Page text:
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Matern Child Nutr. 2011 Oct;7 Suppl 3:129-42. doi: 10.1111/j.1740-8709.2011.00357.x.

Early child growth: how do nutrition and infection interact?

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1
Department of Nutrition and Program in International and Community Nutrition, University of California, Davis, California 95616, USA. kgdewey@ucdavis.edu

Abstract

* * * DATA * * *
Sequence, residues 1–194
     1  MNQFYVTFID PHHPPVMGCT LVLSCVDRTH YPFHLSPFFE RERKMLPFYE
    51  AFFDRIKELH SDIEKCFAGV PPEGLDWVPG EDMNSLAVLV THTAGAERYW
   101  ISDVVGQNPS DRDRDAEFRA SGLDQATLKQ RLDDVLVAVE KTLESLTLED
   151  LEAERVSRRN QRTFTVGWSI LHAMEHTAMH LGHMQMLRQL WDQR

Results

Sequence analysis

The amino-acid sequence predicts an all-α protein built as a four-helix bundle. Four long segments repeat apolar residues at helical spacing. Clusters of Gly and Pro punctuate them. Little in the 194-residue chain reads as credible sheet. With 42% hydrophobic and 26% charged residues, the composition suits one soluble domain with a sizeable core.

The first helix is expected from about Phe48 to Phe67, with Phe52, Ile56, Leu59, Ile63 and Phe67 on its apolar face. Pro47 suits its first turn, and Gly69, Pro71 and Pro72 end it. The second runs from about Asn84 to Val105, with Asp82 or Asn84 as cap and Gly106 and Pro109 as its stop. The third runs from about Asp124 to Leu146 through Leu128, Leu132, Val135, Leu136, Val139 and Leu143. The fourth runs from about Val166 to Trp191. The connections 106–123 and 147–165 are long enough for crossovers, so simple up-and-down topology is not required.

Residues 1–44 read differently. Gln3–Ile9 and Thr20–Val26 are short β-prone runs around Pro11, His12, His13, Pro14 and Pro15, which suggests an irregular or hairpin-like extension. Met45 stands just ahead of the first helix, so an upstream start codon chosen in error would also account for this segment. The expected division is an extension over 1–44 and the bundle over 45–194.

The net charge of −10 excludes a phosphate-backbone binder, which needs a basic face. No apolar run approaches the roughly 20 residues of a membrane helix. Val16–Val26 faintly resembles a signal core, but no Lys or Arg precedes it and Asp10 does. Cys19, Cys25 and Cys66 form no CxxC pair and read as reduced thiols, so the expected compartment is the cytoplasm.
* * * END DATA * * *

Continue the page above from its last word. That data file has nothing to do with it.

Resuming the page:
It is well known that the relationship between child nutrition and infection is bidirectional, i.e. frequent illness can impair nutritional status and poor nutrition can increase the risk of infection. What is less clear is whether infection reduces the effectiveness of nutrition interventions or, vice versa, whether malnutrition lessens the impact of infection control strategies. The objective of this paper is to review the evidence regarding this interaction between nutrition and infection with respect to child growth in low-income populations. Even when there are no obvious symptoms, physiological conditions associated with infections can impair growth by suppressing appetite, impairing absorption of nutrients, increasing nutrient losses and diverting nutrients away from growth. However, there is little direct evidence that nutrition interventions are less effective when infection is common; more research is needed on this question. On the other hand, evidence from four intervention trials suggests that the adverse effects of certain infections (e.g. diarrhoea) on growth can be reduced or eliminated by improving nutrition. Interventions that combine improved nutrition with prevention and control of infections are likely to be most effective for enhancing child growth and development.

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